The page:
Then, Chapter 4: Research and Development examines the vast range of specialised equipment available particularly in the field of medicine, from hand-held devices to fully-equipped hospital ships. There are also details of lifeforms and other phenomena that have been encountered with ideas for further research and a discussion of the Q Continuum and ideas of dealing with encouters there. I'd say 'stay away' but sometimes it comes to visit anyway...
Chapter 5: Using the Science Division is crammed with ideas, providing rules for creating everything from medical emergencies to xeno-biological mysteries (why does every habitable planet grow something that looks exactly like Earth grass, I wonder) and running missions with a science/exploration focus. There's also suggestions for how to run adventures that involve medical interventions to save a ship's company, a planet or even the entirety of known space. This chapter also contains rules to aid the development of new alien lifeforms, sentient and otherwise, even those that live in places an unprotected human could not go. Finally Chapter 6: Sciences Personnel provides an array of fully-developed characters to use as NPCs - perhaps when an exotic specialism is required - or as an example for generating your own.
This is an excellent resource that should inspire you and your group to 'boldly go' like you never have before, with loads of ideas to help your exploration missions make many discoveries - and generate a mound of academic papers!
Join Ang, Chuck, and Wen for a discussion on the complications and problems with “fridging,” or endangering vulnerable characters without reason. Will these gnomes be thoughtful enough to keep out of the fridge, er, stew?
Download: Gnomecast #60 – Don’t Fridge the NPC
Follow Chuck at @InnocuousChuck on Twitter.
Follow Ang at @orikes13 on Twitter.
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ConferenceÂ organizersÂ encourage you to take advantage ofÂ the freeÂ GDC 2019Â Session SchedulerÂ to lay out our week at the show in an intuitive, easy-to-navigate fashion. ...
Fresh off the end of the game's public beta, Media Molecule has announced that Dreams will be launching into early access on the PlayStation 4 this spring. ...
A good proportion of my income in 2018 came from professional GM work. Now, this doesn’t include my work at the Royal Ontario Museum or Level Up Gaming. What I’m referring to is my work as a freelance GM-for-hire. 2018 consisted of 2 private schools and 8 families. At my busiest, I was running 4 games a week – each supplementing the income from my day jobs. From standing weekly appointments to hospital calls and birthday parties, I had the opportunity to play games across the GTA for a modest living.How did I go about obtaining clients?
- Word of mouth. Many of my initial clients were former students from my museum program. They had “aged-out” and were still interested in having me run games for them. They then assembled friend groups of people who hadn’t worked with me before. This led to them introducing me to their school principals and well, the rest was history.
- Media. Having a webpage, social media presence, and business cards are essential. It lets you communicate to your client that you are a professional and can provide them with valuable information about your services (games you offer, rates, availability, etc.)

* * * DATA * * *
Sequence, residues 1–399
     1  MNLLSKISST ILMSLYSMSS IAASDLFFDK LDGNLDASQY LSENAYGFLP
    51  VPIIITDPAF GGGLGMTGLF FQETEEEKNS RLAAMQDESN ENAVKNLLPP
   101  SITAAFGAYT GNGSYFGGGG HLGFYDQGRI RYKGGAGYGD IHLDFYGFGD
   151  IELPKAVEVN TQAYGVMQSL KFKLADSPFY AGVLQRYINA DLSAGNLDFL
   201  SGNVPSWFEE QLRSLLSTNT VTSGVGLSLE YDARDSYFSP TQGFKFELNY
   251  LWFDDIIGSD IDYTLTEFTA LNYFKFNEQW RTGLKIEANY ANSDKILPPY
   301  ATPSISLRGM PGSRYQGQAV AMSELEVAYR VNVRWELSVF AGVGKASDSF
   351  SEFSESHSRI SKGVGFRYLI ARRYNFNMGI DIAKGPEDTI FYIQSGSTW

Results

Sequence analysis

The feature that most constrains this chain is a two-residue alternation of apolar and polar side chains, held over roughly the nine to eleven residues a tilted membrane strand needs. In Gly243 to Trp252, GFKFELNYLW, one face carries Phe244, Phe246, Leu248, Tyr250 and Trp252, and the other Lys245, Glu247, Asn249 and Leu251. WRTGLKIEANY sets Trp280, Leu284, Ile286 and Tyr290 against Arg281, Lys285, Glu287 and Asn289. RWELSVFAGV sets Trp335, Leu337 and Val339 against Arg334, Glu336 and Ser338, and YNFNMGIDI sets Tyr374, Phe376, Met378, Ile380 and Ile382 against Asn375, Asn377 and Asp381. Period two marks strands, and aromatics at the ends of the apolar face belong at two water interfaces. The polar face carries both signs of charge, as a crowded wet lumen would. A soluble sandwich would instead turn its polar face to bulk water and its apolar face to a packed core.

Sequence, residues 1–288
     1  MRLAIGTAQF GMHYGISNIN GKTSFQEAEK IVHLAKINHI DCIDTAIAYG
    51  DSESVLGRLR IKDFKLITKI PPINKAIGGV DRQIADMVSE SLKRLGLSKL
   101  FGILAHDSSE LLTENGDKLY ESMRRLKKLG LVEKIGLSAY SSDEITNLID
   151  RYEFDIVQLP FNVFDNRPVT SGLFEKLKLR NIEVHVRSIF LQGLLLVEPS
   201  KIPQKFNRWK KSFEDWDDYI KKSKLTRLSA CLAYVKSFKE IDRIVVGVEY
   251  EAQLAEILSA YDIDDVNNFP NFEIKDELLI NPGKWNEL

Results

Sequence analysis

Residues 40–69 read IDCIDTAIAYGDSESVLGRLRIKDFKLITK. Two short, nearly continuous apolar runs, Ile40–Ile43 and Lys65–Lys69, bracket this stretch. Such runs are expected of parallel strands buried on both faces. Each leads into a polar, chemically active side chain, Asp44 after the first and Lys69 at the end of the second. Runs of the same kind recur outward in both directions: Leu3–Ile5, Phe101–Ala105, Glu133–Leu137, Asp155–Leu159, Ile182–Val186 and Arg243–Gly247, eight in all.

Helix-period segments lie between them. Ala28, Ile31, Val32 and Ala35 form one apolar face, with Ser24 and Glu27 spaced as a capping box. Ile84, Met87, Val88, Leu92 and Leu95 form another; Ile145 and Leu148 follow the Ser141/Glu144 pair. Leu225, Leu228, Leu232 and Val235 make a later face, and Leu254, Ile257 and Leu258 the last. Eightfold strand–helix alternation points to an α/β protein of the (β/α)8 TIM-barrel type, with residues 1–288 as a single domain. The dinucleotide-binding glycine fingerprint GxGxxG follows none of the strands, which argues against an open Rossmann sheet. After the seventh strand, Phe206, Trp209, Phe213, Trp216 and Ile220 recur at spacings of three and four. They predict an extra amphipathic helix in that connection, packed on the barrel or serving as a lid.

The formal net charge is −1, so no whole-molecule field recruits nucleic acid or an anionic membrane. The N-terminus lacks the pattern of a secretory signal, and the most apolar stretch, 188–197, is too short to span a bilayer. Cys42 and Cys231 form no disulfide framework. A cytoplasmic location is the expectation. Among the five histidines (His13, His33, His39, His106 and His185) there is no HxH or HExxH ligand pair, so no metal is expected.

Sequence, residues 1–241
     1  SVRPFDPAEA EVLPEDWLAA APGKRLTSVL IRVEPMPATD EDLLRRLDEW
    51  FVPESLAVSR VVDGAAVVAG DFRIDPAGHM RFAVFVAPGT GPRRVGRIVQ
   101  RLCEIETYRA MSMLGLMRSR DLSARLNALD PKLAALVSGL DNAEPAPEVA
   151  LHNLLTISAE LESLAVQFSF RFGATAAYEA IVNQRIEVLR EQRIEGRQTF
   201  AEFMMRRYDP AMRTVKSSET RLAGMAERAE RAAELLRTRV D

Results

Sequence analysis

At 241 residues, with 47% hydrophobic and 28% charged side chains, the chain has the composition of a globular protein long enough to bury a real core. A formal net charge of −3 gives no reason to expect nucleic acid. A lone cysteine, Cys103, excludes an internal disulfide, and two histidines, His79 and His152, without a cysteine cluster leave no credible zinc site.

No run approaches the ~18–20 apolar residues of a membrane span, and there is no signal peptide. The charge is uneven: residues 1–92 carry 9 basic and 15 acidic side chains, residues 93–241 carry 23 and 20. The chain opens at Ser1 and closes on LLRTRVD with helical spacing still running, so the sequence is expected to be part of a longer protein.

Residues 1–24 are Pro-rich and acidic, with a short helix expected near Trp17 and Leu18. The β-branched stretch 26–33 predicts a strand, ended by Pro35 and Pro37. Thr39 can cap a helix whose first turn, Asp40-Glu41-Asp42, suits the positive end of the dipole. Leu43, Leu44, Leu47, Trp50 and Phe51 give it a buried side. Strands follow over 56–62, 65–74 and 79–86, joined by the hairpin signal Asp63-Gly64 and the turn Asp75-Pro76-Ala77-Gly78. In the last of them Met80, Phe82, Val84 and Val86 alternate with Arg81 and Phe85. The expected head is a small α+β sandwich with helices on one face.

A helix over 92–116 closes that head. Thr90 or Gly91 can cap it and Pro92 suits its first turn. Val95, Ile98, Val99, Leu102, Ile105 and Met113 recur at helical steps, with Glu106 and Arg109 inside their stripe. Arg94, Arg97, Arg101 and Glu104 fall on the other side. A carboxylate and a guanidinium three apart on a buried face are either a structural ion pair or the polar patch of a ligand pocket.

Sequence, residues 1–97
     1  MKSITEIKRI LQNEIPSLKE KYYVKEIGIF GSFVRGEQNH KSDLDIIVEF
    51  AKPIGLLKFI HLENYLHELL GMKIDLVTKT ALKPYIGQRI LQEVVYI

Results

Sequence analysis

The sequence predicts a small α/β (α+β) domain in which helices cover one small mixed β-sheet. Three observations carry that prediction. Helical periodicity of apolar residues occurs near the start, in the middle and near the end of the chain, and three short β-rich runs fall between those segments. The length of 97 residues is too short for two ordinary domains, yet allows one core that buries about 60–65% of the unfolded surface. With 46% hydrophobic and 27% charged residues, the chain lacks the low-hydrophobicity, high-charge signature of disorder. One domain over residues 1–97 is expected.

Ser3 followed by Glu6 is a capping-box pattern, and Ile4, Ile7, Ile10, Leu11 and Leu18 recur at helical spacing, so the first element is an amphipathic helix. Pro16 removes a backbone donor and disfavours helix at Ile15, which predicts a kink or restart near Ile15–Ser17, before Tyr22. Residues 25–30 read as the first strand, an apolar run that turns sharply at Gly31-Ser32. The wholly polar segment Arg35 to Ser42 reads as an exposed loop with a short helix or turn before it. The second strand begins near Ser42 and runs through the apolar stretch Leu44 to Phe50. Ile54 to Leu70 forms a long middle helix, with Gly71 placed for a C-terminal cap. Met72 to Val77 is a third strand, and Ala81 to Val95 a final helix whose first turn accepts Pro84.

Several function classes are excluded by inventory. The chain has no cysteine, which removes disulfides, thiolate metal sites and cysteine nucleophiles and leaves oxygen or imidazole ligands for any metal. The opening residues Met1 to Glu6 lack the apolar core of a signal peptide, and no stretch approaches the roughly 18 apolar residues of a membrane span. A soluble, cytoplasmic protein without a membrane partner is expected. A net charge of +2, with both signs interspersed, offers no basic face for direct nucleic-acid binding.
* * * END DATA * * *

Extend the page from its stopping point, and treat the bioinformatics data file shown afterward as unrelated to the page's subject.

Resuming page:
- Know your worth. Don’t undersell yourself.
- Build trust and rapport. Be professional. Send invoices and keep good records. Remember, you are not only operating as a freelancer, but also as an ambassador of the hobby.
- Listen and identify the needs of the client. What kind of game do they want to play? What tone do they want the story? Often, the needs of you client, especially if you’ve been hired by a family, may not match your preferences.
- Remember that the key to a good session as a professional GM is a combination of content, story, and value. Come prepared with reflexive content. Involve the players in the story – give them agency over the experience. Finally, make sure that their tabletop experience is unforgettable. If you have miniatures, terrain, or even maps you’ve drawn, they bring immense amount of value to the tabletop experience. Even if you don’t simple visual aids like the Index Card RPG (see my previous post on this) do wonders for your table.
- Set expectations and employ safety tools at the table.
- The exchange of money for GM services can be difficult for some, particularly those who embody the GM vs Player Character mentality that was all too prevalent in the early stages of tabletop history. Remember that they are paying for your services. Remove your ego, and the tabletop experience will be better for everyone involved. Now, more than ever, it’s about being the PC’s biggest fan. Encourage them to grow.
- This sort of work is precarious. People’s schedules change.
- There is potential for game burnout – the lack of desire to play those specific games. I’ve often found myself turning to skirmish wargames like Gaslands or RPGs I haven’t played with clients. If you think of it this way, this might actually be an advantage. It encourages you to try new games!
Was this the dream come true many hardcore gamers envision? In a way, yes it was. It provided me with a significant amount of secondary income to a) fuel my hobby, b) increase the value of my product, c) allowed me to develop my GM/table management skills, and d) provided me with opportunities to playtest adventures. But this kind of work is volatile. Clients can cancel last minute, leaving you without any work. This kind of work also leads to burnout.
So take care of yourself. GM-for-hire work is incredibly rewarding, just give a lot of thought to why you’re interested in doing it in the first place.